Recent quotes & interviews
"Your track was the only one that suited. You have a real Danny Elfman thing going on!"
Andrew Fischer, 'The Chronicles of Rick Roll'
"Only recently did I realize that you’re the composer behind the music I use the most and like the best."
Tom Kenny, broadcaster, comedian & the voice of Spongebob Squarepants
"The soundtrack erupts with a scream of unstoppable acceleration."
DWM review of Doctor Who & The Sensorites
"I'm so happy to have the talented Simon Power doing the score for my new film."
Film maker Stian Hafstad.
"The music & sound design creates an aural tapestry of creativity & beauty"
Review of Doctor Who: Inferno
"Your music has a certain indefinable quality that makes it very special indeed."
Bjorn Lynne, shockwave-sound production music
Shockwave-Sound interview (2013)
Dream Valley Music (formerly Elliot Simons) have credits that include themes & incidental music for BBC Audio’s Doctor Who, Blake’s 7 and I, Robot releases as well as commissions for comedy duo’s Mitchell & Webb and The Mighty Boosh. Since teaming up with Shockwave-Sound, their unique, quirky and thoroughly original sound has been recognised by creative production houses around the World with placements on a huge variety of TV, radio, games and feature film projects.
SWS: On what kind of projects does your music get used?
DVM: “Lots of the tracks have been used in radio & TV commercials, gaming projects, short films and feature films. It was great to hear Enchanted Treasure advertising the Harry Potter Theme Park. And one of my favourite film uses has been a science fiction movie called The Machine Stops which placed the track Celtic Requiem in the climax scene. Then there was a commercial for Kushyfoot socks. The director produced an entire dance routine based around Carnaval De Paris, which was just wonderful. It was a privilege to be on games like Crimson Steam Pirates which is produced by Bungie who also make Halo. And Pride & Prejudice & Zombies with the track Angels in Flight. I think the guys at Freeverse share a similar twisted sense of humour with me!”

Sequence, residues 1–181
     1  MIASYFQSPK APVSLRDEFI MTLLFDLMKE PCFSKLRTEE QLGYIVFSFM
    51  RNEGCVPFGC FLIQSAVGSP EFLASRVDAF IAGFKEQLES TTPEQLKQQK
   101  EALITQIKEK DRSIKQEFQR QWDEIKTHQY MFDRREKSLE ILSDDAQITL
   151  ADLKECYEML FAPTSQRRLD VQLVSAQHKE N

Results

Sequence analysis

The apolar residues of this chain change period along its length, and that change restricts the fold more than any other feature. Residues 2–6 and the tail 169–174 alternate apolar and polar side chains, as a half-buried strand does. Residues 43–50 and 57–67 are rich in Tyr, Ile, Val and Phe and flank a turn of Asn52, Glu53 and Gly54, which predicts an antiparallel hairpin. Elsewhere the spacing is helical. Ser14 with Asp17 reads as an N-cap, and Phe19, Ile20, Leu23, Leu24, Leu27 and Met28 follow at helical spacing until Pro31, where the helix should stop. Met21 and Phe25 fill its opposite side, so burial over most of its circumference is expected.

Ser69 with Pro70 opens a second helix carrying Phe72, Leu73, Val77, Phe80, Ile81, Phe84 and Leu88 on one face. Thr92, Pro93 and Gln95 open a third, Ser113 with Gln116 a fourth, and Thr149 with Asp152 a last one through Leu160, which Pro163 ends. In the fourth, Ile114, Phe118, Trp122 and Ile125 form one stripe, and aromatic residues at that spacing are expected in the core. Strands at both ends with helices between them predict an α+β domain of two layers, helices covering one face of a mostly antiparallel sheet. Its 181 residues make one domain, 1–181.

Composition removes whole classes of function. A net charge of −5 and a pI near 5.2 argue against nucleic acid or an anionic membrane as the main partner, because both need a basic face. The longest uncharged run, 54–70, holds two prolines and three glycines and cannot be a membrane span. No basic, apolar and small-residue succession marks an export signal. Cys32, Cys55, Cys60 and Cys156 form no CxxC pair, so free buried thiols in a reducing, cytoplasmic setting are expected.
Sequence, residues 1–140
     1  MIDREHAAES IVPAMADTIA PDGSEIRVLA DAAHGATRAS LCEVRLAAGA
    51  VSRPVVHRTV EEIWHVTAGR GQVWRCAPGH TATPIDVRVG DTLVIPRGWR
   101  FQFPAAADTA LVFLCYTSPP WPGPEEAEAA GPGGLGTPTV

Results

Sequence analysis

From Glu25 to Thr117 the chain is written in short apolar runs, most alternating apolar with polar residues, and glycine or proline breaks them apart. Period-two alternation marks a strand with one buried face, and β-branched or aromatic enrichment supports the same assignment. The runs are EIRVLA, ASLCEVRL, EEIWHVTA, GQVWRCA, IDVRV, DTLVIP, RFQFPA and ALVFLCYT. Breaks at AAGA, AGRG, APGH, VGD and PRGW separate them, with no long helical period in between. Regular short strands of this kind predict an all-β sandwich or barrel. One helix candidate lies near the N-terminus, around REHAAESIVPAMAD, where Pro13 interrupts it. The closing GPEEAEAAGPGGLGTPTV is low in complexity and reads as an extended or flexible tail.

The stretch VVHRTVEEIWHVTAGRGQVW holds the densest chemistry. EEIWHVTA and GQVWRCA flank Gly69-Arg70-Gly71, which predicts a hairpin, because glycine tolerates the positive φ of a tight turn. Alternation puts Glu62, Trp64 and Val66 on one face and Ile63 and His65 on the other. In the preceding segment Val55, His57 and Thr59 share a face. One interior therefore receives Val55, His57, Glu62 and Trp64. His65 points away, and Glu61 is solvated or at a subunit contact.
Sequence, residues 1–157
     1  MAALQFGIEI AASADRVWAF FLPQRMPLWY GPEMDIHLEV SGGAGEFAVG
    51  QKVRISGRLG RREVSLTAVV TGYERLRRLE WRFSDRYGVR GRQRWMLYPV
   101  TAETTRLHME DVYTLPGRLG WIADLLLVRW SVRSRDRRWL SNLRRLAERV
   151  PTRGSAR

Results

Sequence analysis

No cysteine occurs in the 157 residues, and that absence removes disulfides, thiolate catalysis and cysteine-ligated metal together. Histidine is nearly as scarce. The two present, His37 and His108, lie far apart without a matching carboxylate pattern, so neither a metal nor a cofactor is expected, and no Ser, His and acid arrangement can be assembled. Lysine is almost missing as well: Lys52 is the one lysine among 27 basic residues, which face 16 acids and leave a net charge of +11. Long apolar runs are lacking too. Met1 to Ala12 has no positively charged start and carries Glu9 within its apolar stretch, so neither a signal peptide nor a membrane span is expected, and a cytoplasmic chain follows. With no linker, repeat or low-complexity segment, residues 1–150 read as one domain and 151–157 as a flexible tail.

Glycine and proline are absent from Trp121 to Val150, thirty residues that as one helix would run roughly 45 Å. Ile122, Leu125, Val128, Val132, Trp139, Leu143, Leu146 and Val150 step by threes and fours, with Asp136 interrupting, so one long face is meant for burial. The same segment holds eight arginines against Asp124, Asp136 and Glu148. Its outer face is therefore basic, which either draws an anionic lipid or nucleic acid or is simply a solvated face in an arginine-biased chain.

SWS: Do you get to hear about every placement?
DVM: "No, there are hundreds that I never get to hear about. But sometimes I’ll stumble across them. I recently heard Another Lovely Day was on primetime UK TV. Then there are lots of games projects for Nintendo DS and Xbox using tracks like Legend of the Sword, Cairo Jewel and The Secret Path among others. I mentioned Celtic Requiem and this track has become a surprise YouTube hit being used on a range of movies with views into the millions. I’m really grateful for the success of that track!”
SWS: How would you generally describe your style of music?
DVM: "I enjoy the challenge of making compositions that mix humour with something slightly unhinged. That’s a regular theme in a lot of my music. Kind of quirky, but with mysterious edges & shapes & shadows. Above all, I love creating new worlds & possibilities. I think it’s maybe best left for other people to describe better than me!”
SWS: In three words?
DVM: “difficult! Um…Let me think…Atmospheric. Strange. Fun. That OK?”
Recent placements include ad campaign for the Audi Quattro, the theme to Google Play's Red Ball 4, The Chronicles of Rick Roll, Zeke Mahogany’s iBelt sketch and feature film, Chamber’s Gate.
Doctor Who interview (2011)
I have produced the music and sound design for over 40 Doctor Who and Sarah Jane Adventures audio dramas (as Simon Power). In March 2011 I was interviewed by the independent Doctor Who site, Eye of Horus.
EOH: how do you start to create the music and FX for the audio series, and how do you respect the TV series history (with regards to copyrighted material i.e. can you use Radiophonic FX?)
I usually find that a good starting point comes from looking at the cover illustrations on the Target paperbacks themselves. They were so vibrant & exciting. They instantly inspire me to start composing some music & creating some strange sounds! Of course, I obviously use childhood memories of the TV series as a reference, too.
But when memory fails, I know I can rely on executive producer, Michael Stevens whose knowledge of all things Who is unsurpassable!